We didn't go to the Magic Kingdom on that final visit. No time. I may go back to Florida, to Walt Disney World in the years to come. I know it's changed (I keep up on the latest news out of Walt Disney World), but I want to make up for that utter disappointment. Because of predicted idiots (and there's always a few in every crowd), I lost out on two of my most favorite attractions in Tomorrowland. I hope they're still around whenever I return, though I intend to bring an mp3 player with me, with the Tomorrowland Transit Authority soundtrack I remember, because the current one is garbage, giving nothing but advertisements for all the attractions the average visitor already knows about when they walk into Tomorrowland.
I became a chaperone for Meridith's Grad Nite when I went to Valencia High with her one morning to talk to the teacher in charge of it. It was the one rare time I got up early since I was long done with classes at College of the Canyons, and I hadn't yet reached that long stretch at The Signal, where I eventually became interim editor of the Escape section after the eminent John Boston left after 30 years of service to the paper. I had a lot of time on my hands.
The teacher was fine with me being a chaperone. I asked in April, so I had until June to wait. When it came, that one night, that glorious Thursday night, was everything I had hoped for, and even with the strict rules given about not screwing around, making sure to be back at the bus by 4:30 a.m., and coming to us chaperones if there were any problems, I felt this immense freedom around me, like the earth had sagged in total relaxation, encouraging the same in others. Mom and Dad dropped off Meridith and I at the school, and while Meridith waited for friends, I hung out in the office of the PE teachers with the other chaperones, idly listening to the conversations going on, appreciating how beneficial it is to just be an observer. This was going to be a good crowd. A few looked like veterans of Grad Nite, and knew exactly what they were doing. This would be my first and last Grad Nite as a chaperone because after Meridith, what reason would there be to do this again? I wouldn't have the connection I did by her being in the school, and it wouldn't make much sense otherwise. Besides, it only mattered to me that I got to do this for her Grad Nite.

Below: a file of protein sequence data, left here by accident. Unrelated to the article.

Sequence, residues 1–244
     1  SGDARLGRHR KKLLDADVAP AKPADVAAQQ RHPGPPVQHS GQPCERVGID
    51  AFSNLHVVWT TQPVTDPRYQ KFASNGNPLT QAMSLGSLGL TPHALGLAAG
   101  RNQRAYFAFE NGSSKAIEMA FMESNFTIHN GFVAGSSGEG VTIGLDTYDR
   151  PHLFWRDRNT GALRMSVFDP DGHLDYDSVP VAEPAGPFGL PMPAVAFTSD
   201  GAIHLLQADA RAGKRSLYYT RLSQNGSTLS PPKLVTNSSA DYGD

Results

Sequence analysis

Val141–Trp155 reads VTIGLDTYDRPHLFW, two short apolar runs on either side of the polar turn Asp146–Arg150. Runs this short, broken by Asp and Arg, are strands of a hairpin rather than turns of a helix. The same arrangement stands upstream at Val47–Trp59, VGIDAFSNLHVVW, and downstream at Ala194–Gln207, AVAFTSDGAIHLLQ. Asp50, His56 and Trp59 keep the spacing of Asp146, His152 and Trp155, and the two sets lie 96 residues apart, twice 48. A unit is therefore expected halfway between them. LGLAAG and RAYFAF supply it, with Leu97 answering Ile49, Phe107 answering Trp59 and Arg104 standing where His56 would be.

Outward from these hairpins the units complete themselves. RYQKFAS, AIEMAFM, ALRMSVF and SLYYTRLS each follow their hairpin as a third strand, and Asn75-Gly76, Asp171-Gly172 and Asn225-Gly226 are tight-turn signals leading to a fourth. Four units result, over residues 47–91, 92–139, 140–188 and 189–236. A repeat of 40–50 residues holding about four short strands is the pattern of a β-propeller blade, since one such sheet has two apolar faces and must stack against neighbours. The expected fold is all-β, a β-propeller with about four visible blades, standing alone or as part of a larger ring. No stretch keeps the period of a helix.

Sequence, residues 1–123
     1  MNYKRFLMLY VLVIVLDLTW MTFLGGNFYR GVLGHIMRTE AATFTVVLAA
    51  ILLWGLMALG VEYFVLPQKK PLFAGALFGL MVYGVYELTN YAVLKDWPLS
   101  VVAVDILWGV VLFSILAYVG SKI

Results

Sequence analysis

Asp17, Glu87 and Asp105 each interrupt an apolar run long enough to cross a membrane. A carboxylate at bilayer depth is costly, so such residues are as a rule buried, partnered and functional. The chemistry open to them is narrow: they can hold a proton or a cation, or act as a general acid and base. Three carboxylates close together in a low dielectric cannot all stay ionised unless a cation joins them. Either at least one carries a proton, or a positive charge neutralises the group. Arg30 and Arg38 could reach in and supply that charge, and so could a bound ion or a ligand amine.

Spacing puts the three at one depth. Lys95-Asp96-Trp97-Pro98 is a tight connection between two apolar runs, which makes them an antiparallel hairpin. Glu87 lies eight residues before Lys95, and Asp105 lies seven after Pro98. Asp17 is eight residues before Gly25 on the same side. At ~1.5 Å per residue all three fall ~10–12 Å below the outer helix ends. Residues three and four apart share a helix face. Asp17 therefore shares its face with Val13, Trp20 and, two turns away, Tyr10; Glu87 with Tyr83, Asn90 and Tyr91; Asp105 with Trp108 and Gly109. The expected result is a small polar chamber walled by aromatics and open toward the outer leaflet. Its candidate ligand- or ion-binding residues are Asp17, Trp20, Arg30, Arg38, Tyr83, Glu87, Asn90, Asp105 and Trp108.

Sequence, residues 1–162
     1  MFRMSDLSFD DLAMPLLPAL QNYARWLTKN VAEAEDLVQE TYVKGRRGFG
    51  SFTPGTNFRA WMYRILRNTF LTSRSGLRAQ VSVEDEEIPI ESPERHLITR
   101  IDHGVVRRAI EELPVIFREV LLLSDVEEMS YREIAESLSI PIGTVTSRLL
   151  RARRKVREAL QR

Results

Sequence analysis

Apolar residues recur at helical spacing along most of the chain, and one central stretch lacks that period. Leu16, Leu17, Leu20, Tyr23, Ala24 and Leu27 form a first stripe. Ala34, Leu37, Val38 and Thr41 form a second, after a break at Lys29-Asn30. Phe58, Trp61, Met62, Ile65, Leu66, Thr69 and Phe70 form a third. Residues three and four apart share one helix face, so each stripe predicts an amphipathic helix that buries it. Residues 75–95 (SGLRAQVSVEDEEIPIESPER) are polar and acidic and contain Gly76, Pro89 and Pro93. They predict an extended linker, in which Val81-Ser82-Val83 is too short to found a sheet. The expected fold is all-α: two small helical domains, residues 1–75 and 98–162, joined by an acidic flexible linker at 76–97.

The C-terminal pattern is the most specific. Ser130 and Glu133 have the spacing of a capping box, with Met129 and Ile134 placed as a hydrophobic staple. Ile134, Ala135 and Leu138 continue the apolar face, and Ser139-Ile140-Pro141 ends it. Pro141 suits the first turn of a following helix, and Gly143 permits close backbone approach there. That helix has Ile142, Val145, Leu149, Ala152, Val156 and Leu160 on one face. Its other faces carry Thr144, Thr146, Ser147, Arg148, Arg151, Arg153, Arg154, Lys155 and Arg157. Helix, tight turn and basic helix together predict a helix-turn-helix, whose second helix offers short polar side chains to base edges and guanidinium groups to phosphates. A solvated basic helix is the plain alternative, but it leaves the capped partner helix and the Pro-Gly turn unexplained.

Someone hung up big signs against a cargo container sitting nearby, with letters to show where each student should line up to get their Grad Nite ticket. A-C last names lined up at the far left and so on. I passed out Grad Nite tickets and joked with the chaperone next to me, who had actually seen Airplane II: The Sequel! I thought I was the only one, and more than that, he liked it too! So we were trading quotes as we passed out the tickets.
Once we got to Disneyland and parked in the lot reserved for the buses, we found that they weren't using the trams to get people to the entrance. We had to walk. It took a good 10 minutes, and I joked around with Meridith and her friends, an easy rapport. And once in the park, we were on our own. Chaperones could be as vigilant as they wished or just check in occasionally at the Plaza Inn, where there was a buffet of cheese cubes, crackers, cookies and brownies for them, as well as the option for either dinner or breakfast from the counter service, and the soda machines were available too. This was where I found most of the chaperones, obviously veterans. They'd done this for years. No need to change what's worked all this time.